"Here's my tip for avoiding pine needles everywhere when the sad time comes when you need to take the Christmas tree out to the curb. (Disclaimer: This has only been tested in an NYC apartment.) Open the window next to where the tree is standing (because everyone puts their tree by a window), look both ways, and shove the tree out. Then walk down the stairs and drag it to the curb or, preferably, your local composting location. No, I don't expect you to actually use this."  Mark Linderman, VP, Engineering

"My dad taught me to use dry newspapers for streak-free windows and mirrors when he was out washing his car." — Danielle Curtis-Williams, Manager, Marketing

"White vinegar and hot water also for streak-free windows but also literally for anything."  Stacey Rivera, SVP, Content

"Most stains: Dampen the fabric with cold water. Rub a bar of soap into the stain. Then scrub the stain (using the fabric) under cold running water. Also, never paint your house yellow — it attracts bugs."  Amanda Hesser, Cofounder and CEO

"This isn't revolutionary, but recently good old baking soda has been my cleaning default. For a slightly clumsy, messy cook like me, it's a lifesaver. Such a lifesaver that I have a giant Costco-sized-bag under the sink. A grease fire stains your new oven? Baking soda. Accidentally burned an entire pot of farro? Baking soda. Your stainless steel pans are discolored? Baking soda. I like making a paste of baking soda and a bit of water, sometimes I'll add a bit of white vinegar if I want it to be a more heavy-duty paste."  Delaney Vetter, Recipe Developer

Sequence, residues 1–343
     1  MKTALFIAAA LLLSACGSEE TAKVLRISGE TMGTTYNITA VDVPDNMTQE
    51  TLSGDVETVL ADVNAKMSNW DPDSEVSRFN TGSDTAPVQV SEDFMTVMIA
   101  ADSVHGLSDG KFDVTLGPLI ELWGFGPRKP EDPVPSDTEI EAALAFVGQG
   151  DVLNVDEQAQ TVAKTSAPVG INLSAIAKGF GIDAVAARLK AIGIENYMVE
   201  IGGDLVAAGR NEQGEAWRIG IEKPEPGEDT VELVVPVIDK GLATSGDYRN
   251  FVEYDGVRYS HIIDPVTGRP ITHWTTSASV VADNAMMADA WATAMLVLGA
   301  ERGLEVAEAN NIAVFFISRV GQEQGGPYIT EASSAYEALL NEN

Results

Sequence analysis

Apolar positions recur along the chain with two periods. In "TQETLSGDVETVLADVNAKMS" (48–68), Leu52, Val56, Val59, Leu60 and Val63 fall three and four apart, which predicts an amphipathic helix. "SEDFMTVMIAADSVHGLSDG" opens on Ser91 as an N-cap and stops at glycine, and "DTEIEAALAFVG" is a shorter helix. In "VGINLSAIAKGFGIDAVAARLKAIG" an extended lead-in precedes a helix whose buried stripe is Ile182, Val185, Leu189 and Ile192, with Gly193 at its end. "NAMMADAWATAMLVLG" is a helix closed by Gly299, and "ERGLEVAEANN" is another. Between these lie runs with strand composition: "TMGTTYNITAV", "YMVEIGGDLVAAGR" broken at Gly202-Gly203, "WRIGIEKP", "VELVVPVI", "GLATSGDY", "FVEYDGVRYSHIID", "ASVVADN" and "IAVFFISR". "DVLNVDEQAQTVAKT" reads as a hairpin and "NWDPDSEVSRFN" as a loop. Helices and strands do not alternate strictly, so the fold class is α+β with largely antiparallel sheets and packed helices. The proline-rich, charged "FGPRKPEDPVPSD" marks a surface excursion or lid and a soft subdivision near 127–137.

"The best duster in the world, according to my mum, is an old sock! I have to agree. Just pick up a cleaner in one hand and wear your sock like a glove over the other and spray and wipe. My favorite uses include dusting my plants and wiping down my fan's blades (dampen your sock for this one). What better use than this for those orphan socks in your drawer (we know you have 'em)."  Arati Menon, Senior Content Lead

"My mama always told me to clean wood with soapy water, dry completely, then seal with oil. She often used olive oil because of what she had on hand. I do this at home too on all my cutting boards, wooden bowls, wood serving platters, wooden spoons. Important to gently clean the wood without removing too much of the oil natural oils, and replenish with more oil to keep a barrier against moisture, which will make wood warp and crack."  Sean Patrick Gallagher, Recipe Developer

"My grandmother taught me to stretch an old pillowcase over a ceiling fan blade, so you can catch the dust in it, then dump it in the trash afterward."  Ellery Hight, Customer Care Specialist

"Using dish soap to clean your shower, it breaks up the people-grease and soap scum. Also, keeping a sponge and small bottle of soap IN the shower at all times to clean while you condition your hair."  Johanna Hagan, Trade Account Representative

"Remove built-up minerals in your coffee maker by mixing half vinegar to half water and a tablespoon of a hard, clear liquor like vodka. Boil the two mixtures as you would coffee without the filter and coffee grounds so it's running clean, then add a pot of regular water to rinse it out!"  Catherine Yoo, Recipe Developer

"Well here's one I just learned . . . If you're reworking a Schoolhouse Factory Sconce with a dead LED and then it suddenly explodes with a thousand live ants, you can use glass cleaner to get rid of most of them."  Lou Lanning, CID Technician

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By Jill Baughman

MORE FROM Jill Baughman

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Cleaning Food Food52 How-to Kitchen Hacks